Alison Bechdel


by Hillary Chute

In 2006, I read an interview with Alison Bechdel in a magazine titled Bitch: Feminist Response to Pop Culture, about her new book Fun Home: A Family Tragicomic. I immediately emailed my editor, Ed Park, at New York City’s Village Voice, to see if he would run a piece on it. I hadn’t read the book yet, but I was fascinated by the panels and pages from it that ran with the interview.

Fun Home is one of the most important graphic narratives that exists. It is both biography and autobiography. On the one hand, it’s about Bechdel’s father, who was an obsessive restorer of their Victorian Gothic house in rural Pennsylvania, an English teacher, and a funeral home director. But it’s also a story about Bechdel and about how she became an artist—and the ways her father both inhibited and enabled her. Fun Home has an intricate structure based on the books that Bruce Bechdel was obsessed with—each chapter is keyed to a specific literary text or figure, such as F. Scott Fitzgerald or James Joyce. The aesthetic control Bechdel exhibits in Fun Home—in its language, its pictures, and its narrative structure—is staggering.

I was just blown away when I read Fun Home. And then I met Bechdel, and interviewed her, and was even more blown away after talking with her about her process and her research over the seven years she worked on Fun Home. Scanning her blog,, the evening after meeting her, I came across the following entry:

June 22, 2006:
It’s a good thing I’ve been blogging this [book] tour because otherwise I’m not sure I’d remember it. Today I had a podcast, two signings, and a long, intense newspaper interview with a woman who did her doctoral dissertation on autobiographical comics.

That’s me. And while I apologize to her for turning our one hour interview into three, working on that piece about Fun Home for the Village Voice was one of the most gratifying experiences I’ve ever had writing about anything.

When Fun Home came out in 2006—it was the first graphic narrative published by Houghton Mifflin—it was met with immediate, unanimous, and conspicuous critical acclaim. In one of two rave reviews published by the New York Times, for instance, Sean Wilsey wrote: “If the theoretical value of a picture is still holding steady at a thousand words, then Alison Bechdel’s slim yet Proustian graphic memoir, Fun Home, must be the most ingeniously compact, hyper-verbose example of autobiography to have been produced.” Fun Home made the New York Times bestseller list—a rarity for graphic narrative— and became an enormous crossover success, meaning it is not only beloved by venues like the Times, but also by venues like People magazine—which selected it as one of the top ten books of 2006—and Entertainment Weekly, which voted it the number-one non-fiction book of the year. Perhaps the most extraordinary barometer of Fun Home’s impact and wide appeal, though, is that it was named Time magazine’s all-around, best book of the year, in any category, in 2006.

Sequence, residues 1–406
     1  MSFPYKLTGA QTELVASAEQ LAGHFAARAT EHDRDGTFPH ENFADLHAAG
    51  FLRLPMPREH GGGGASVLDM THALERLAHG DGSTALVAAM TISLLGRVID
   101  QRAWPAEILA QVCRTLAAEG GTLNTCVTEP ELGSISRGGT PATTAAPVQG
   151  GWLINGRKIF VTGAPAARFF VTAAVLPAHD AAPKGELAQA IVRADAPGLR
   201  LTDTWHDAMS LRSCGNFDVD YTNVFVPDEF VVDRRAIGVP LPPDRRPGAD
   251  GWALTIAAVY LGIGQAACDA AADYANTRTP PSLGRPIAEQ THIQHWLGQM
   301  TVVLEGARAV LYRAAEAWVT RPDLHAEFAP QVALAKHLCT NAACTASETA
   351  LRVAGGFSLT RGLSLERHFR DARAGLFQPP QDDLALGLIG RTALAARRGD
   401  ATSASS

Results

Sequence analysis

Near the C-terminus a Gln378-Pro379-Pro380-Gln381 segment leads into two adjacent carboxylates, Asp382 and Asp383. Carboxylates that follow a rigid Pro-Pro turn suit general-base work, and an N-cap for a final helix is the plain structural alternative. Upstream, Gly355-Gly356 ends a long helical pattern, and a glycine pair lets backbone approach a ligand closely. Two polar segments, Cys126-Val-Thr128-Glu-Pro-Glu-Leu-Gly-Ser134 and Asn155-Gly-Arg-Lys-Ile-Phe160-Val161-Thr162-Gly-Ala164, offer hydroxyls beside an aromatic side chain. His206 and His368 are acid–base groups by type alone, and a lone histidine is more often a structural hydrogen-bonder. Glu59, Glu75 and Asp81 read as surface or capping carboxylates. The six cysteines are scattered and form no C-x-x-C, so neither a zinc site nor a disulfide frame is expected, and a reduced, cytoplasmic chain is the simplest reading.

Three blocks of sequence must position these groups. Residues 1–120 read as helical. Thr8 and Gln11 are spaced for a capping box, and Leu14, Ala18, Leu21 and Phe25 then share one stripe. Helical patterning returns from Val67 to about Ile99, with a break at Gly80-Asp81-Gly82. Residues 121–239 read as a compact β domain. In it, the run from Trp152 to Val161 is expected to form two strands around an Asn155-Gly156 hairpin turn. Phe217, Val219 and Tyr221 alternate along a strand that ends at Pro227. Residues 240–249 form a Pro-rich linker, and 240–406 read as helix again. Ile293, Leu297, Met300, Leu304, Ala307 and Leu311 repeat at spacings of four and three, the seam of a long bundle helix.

Bechdel was born in 1960 in Pennsylvania, graduated from Oberlin College (also my alma mater) in 1981, and started drawing the comic strip Dykes to Watch Out For in 1983, for the feminist paper Womanews. Today, Dykes to Watch Out For is nationally syndicated, and has been collected in 11 volumes, with titles such as Hot, Throbbing Dykes to Watch Out For, Post Dykes to Watch Out For, and Dykes and Sundry Other Carbon-Based Life Forms to Watch Out For. This year marks the 25th anniversary of the strip, and in October Houghton Mifflin is publishing The Essential Dykes to Watch Out For.